September 9, 2009
AGUSTIN GARCIA, APPELLANT,
NEW JERSEY DEPARTMENT OF CORRECTIONS, RESPONDENT.
On appeal from a Final Determination of the New Jersey Department of orrections.
NOT FOR PUBLICATION WITHOUT THE APPROVAL OF THE APPELLATE DIVISION
Submitted August 11, 2009
Before Judges Lihotz and Baxter.
This is an appeal from an October 28, 2008 final agency decision of the New Jersey Department of Corrections (DOC), in which DOC imposed disciplinary sanctions upon Trenton State Prison inmate, Agustin Garcia. The hearing officer found Garcia guilty of committing prohibited act.210, possession of anything not authorized for retention or receipt by an inmate or not issued through regular correctional facility channels. After finding Garcia guilty of the.210 charge, the hearing officer recommended a sanction of ten days detention, with credit for time served, and sixty days loss of commutation credit.*fn1 Garcia appealed the hearing officer's adverse decision to the prison administrator, who on October 28, 2008, affirmed the guilty finding of the sanction imposed by the hearing officer. We affirm.
On October 16, 2008, during a routine search of Garcia's cell, a corrections officer found a razor blade in the top right air vent. He charged Garcia with violating *.202, possession of a weapon or unauthorized tool, and placed him in pre-hearing detention. Garcia had been transferred to that cell two months earlier. The day after the razor blade was found, a sergeant served a written copy of the charges on Garcia, conducted an investigation and referred the matter to a hearing officer for disposition. Because Garcia was charged with an asterisk offense, counsel substitute was assigned to represent him.
Garcia was offered, but declined, the opportunity to call witnesses on his behalf at the October 20, 2008 hearing, and also declined the opportunity to confront and cross-examine adverse witnesses. His waiver of those rights is noted on the hearing officer's report, which bears his counsel substitute's signature on line 16, acknowledging that the hearing officer's report accurately reflected what occurred at that disciplinary hearing.
After hearing testimony and reviewing all of the evidence, the hearing officer dismissed the *.202 charge and instead found Garcia guilty of the lesser.210 violation, possession of anything not authorized for retention or receipt by an inmate.
On October 22, 2008, Garcia filed his institutional appeal from the hearing officer's adverse October 20, 2008 decision. The next day, Garcia submitted what he described as a "redated" administrative appeal accompanied by a lengthy written statement adding numerous arguments he had not raised in the administrative appeal he filed the day before. Because applicable administrative regulations do not authorize inmates to file a second and amended administrative appeal, Garcia's October 23, 2008 submission was not presented to, or considered by the Assistant Superintendent before he rendered his October 28, 2008 decision upholding the decision of the hearing officer.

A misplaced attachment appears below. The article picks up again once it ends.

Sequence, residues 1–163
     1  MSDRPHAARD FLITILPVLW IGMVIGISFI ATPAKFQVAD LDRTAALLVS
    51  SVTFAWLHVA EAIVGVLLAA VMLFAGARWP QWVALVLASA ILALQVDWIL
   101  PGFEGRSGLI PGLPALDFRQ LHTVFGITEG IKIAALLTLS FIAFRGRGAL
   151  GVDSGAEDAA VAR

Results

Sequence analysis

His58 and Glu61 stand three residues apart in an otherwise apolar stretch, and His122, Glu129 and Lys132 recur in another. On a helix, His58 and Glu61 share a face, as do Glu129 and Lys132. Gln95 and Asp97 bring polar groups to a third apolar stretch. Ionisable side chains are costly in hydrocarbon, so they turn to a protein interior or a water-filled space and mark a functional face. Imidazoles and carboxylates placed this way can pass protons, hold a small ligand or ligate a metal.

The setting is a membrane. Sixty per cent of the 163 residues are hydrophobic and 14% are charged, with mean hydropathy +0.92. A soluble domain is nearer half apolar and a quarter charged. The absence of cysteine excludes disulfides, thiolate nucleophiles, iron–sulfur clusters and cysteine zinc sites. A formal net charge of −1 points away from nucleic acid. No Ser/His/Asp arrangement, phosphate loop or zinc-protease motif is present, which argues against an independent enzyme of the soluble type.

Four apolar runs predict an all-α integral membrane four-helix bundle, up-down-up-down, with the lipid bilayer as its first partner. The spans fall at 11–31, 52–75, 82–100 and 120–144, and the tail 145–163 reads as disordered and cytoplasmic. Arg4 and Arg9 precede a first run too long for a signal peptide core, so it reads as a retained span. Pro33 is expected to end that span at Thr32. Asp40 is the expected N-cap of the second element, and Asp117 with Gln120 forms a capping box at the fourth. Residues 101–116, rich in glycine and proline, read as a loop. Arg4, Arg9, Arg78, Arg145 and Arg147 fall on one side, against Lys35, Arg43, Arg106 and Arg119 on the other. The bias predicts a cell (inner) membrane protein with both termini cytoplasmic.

Although not presented in separate point headings as required by Rule 2:6-2(a)(5), Garcia raises eleven arguments on appeal.*fn2 Specifically, he now argues that DOC's October 28, 2008 decision must be reversed because his due process rights were violated when: 1) the searching officer failed to provide details of the procedures of the search or describe the item found; 2) the hearing officer assigned Garcia a counsel substitute without one being requested; 3) Garcia was not afforded the opportunity to meet with counsel substitute prior to the hearing; 4) he was denied confrontation of witnesses; 5) the evidence did not demonstrate the requisite "knowledge and control" of the contraband in question; 6) his right to twenty-four hours notice of the disciplinary hearing was violated; 7) he was not informed of the hearing officer's guilty finding at the hearing; 8) he was charged with possession of contraband in retaliation for his role in a class action lawsuit filed by inmates against DOC; 9) he was denied a property loss claim; 10) his request for a polygraph was wrongly denied; and 11) he was found guilty of possessing a razor blade so rusty that it must have been placed in the air vent by a prior occupant of the cell.
Only the last two of these eleven arguments were presented to the Assistant Superintendent for consideration in connection with Garcia's October 22, 2008 administrative appeal. The other nine were raised only in Garcia's second administrative appeal submitted on October 23, 2008, which prison officials never forwarded to the Assistant Superintendent for his consideration.